United States: To What Extent May A Secured Lender's Pre-Petition Covenants With A Debtor Be Modified By Cramdown Loan Documents?

Last Updated: February 2 2015
Article by Katherine O'Malley

Section 1129(b) of the United States Bankruptcy Code (the "Code") empowers the bankruptcy court to confirm a Chapter 11 plan of reorganization over the objection of an impaired class of claims if the plan does not discriminate unfairly and is fair and equitable in its treatment of the objecting class; this process is generally referred to as "cramdown." Section 1129(b)(2)(A)(i) of the Code provides that an objecting secured creditor is treated fairly and equitably by a plan if (1) the creditor retains its liens to the extent of the allowed amount of the claim, and (2) the creditor receives deferred payments of a value at least equal to the allowed amount of the secured claim as of the effective date of the plan. Parties often contest whether the Till1 "prime-plus" formula1 should be applied in Chapter 11 cases, though that approach is applied as a default rule by a vast majority of bankruptcy courts.2 However, a more interesting question is whether a secured creditor that is crammed down may retain the protections afforded by pre-petition loan agreement covenants in the post-petition relationship.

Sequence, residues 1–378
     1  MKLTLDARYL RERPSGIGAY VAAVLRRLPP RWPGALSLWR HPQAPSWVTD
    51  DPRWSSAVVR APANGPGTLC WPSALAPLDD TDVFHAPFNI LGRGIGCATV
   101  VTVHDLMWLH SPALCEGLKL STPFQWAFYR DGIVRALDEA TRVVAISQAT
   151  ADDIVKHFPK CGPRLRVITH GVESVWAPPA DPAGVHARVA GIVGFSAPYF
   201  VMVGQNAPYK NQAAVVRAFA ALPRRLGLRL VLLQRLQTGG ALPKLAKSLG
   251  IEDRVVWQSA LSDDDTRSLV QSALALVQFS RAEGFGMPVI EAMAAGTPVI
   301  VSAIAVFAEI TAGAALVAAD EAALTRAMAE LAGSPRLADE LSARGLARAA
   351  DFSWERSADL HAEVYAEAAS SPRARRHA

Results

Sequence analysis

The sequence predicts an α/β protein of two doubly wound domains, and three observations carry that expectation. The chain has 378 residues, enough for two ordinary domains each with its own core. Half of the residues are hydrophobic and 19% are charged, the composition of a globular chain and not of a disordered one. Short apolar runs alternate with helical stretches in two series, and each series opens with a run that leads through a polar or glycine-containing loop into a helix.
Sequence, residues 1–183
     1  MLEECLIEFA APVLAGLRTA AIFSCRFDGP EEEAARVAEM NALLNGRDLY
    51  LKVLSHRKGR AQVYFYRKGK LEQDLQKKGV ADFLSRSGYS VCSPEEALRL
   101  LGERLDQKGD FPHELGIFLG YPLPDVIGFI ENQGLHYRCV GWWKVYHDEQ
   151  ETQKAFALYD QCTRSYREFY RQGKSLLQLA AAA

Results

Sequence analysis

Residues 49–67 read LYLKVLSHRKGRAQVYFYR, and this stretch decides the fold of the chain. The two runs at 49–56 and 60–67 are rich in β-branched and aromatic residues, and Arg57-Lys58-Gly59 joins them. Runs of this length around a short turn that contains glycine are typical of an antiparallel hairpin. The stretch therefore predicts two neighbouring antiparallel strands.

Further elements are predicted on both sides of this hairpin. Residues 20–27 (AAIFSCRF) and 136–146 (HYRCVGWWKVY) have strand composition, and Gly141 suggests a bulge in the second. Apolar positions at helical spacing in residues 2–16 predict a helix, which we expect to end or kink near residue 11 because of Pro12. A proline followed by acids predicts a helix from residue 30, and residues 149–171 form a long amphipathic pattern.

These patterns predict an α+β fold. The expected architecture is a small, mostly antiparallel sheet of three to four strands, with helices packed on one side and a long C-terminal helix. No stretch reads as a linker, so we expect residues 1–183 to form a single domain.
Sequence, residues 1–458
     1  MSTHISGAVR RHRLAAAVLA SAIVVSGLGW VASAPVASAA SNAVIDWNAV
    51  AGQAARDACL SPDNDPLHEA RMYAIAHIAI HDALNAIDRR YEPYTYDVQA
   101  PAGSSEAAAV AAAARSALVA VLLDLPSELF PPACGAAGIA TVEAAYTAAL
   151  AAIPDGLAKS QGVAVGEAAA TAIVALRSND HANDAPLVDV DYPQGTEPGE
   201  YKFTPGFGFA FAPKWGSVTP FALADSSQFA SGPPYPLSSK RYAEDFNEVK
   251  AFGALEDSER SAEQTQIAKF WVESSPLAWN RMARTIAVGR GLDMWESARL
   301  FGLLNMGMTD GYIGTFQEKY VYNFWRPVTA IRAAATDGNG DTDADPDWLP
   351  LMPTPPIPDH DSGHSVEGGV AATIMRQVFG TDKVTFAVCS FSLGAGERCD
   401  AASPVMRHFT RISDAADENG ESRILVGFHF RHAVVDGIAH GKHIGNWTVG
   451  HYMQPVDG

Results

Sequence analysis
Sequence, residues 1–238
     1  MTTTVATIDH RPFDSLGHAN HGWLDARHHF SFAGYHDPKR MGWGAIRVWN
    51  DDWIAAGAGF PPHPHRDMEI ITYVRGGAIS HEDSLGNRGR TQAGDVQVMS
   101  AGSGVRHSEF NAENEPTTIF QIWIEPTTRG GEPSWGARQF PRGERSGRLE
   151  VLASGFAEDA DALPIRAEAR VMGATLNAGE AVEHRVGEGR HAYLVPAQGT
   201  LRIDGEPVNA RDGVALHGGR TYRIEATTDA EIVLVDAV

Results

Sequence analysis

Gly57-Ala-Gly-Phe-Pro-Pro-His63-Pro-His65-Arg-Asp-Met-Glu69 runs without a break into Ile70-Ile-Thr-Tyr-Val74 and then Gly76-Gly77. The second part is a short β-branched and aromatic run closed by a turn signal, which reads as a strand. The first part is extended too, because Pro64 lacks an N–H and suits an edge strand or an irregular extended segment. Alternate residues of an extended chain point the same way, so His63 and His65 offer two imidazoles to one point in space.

Covenants to be included in post-petition loan documents are not required to precisely track with covenants in the parties' existing loan agreement. However, modifications must be fair and equitable and must not unduly shift the risk relating to the operations and financial performance of the debtor to the secured creditor. In American Trailer and Storage, Inc., 419 B.R. 412 (Bankr. W.D. Mo. 2009), the court established a balancing test to determine whether modification of pre-petition loan documents is appropriate. American Trailer & Storage, Inc. (the "Debtor") was in the business of buying, selling, renting, and leasing portable storage containers and semi-trailers. The Debtor proposed a plan of reorganization that eliminated a covenant from the original loan agreement that required the Debtor to maintain the same financial ratios that it had agreed to with Bank of the West (the "Lender") and a covenant that prohibited the Debtor from selling containers without the Lender's consent. The Lender argued that eliminating these covenants would essentially strip the Lender of its lien and result in nothing more than a naked security interest.